Farmington, Conn.—Michael L. Stitzel, Ph.D., will join The Jackson Laboratory for Genomic Medicine’s faculty as an assistant professor to study the genetics and epigenetics of islet dysfunction and type 2 diabetes.
Stitzel comes to the new institute from a postdoctoral appointment at the National Human Genome Research Institute, in the laboratory of Francis S. Collins, M.D., Ph.D., director of the National Institutes of Health.
"I am very pleased with the recruitment of Dr. Stitzel to JAX Genomic Medicine," says Charles Lee, Ph.D., scientific director of JAX Genomic Medicine, "His work on epigenetic profiling of islet cells is revolutionary for the field of diabetes research."
Edison Liu, M.D., President and CEO of the Jackson Laboratory notes, "Michael’s recruitment significantly strengthens our community working on the genetics of metabolic disorders and uniquely moves us into translating work in mouse models into the human condition."
After earning his B.S. in biochemistry and molecular biology at the Pennsylvania State University in 2000, Stitzel won a William J. Fulbright fellowship to study chromatin in Dr. Renato Paro’s lab at the Zentrum für Molekulare Biologie in Heidelberg, Germany. He received his Ph.D. from Johns Hopkins University in 2007 for his work on studying protein changes that control the transition from egg to embryo.
It is during his postdoctoral tenure in the Collins lab that Stitzel began to work on the epigenome—chemical modifications of DNA that control how each cell’s DNA is utilized—of human islets, regions of the pancreas that contain hormone-producing cells. His work has suggested that DNA changes associated with genetic susceptibility to type 2 diabetes are located in molecular switches that turn islet genes on or off.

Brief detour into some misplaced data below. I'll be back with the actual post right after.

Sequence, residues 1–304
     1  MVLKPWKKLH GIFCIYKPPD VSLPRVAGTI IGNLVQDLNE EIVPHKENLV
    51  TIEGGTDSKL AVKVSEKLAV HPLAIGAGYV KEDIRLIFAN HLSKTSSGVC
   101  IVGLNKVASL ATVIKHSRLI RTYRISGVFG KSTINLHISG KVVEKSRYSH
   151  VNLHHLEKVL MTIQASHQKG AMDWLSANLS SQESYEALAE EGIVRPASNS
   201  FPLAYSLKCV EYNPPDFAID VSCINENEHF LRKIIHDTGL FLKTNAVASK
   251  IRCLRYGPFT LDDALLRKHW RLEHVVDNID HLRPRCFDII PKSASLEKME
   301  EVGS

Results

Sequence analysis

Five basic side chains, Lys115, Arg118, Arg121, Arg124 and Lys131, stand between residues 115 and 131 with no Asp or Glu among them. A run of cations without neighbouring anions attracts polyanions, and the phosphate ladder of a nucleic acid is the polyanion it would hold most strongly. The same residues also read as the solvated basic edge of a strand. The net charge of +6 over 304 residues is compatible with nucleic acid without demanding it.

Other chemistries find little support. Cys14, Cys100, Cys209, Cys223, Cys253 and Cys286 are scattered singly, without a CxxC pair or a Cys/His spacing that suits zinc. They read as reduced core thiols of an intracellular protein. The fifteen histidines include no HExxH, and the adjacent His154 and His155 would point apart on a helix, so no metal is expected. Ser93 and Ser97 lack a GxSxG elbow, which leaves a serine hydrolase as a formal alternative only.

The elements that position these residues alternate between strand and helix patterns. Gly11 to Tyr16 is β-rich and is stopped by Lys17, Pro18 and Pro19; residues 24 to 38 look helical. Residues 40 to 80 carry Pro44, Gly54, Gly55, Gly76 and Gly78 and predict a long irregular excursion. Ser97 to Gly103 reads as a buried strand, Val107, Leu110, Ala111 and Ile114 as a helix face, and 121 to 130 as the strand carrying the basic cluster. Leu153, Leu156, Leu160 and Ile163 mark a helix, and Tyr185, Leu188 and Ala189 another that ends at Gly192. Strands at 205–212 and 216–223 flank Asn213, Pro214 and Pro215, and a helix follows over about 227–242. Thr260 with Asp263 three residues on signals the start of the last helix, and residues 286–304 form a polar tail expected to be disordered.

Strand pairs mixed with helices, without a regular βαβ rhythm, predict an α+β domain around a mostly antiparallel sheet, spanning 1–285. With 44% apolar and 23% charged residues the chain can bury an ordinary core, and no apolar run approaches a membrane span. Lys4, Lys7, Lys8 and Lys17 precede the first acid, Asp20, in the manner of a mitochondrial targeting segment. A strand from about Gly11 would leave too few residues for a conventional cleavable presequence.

In 2011, these insights provided the basis of Stitzel’s NIH K99/R00 Pathway to Independence Award from the National Institute of Diabetes and Digestive and Kidney Diseases to help him transition from a postdoc to a principal investigator with his own lab.
"I was drawn to this position because I share an interest in using genomic approaches to advance precision medicine and investigate the genetic basis of human health and disease," Stitzel says. "Moreover, I’m excited about the potential to initiate new collaborations with JAX faculty and other universities and medical centers in the state. I’m driven to interpret the molecular consequences of genetic variants associated with islet dysfunction and type 2 diabetes, to investigate the functions of the genes they affect, and to apply this knowledge to develop therapeutics.
JAX Genomic Medicine is currently located in temporary quarters on the UConn Health Center campus while an 189,000-square-foot permanent facility is under construction nearby. The new facility will open in the fall of 2014 and will employ 300 scientists and operational staff.
The Jackson Laboratory is an independent, nonprofit biomedical research institution based in Bar Harbor, Maine, with a facility in Sacramento, Calif., and the new genomic medicine institute in Farmington, Conn. It employs a total staff of more than 1,500. Its mission is to discover precise genomic solutions for disease and empower the global biomedical community in the shared quest to improve human health.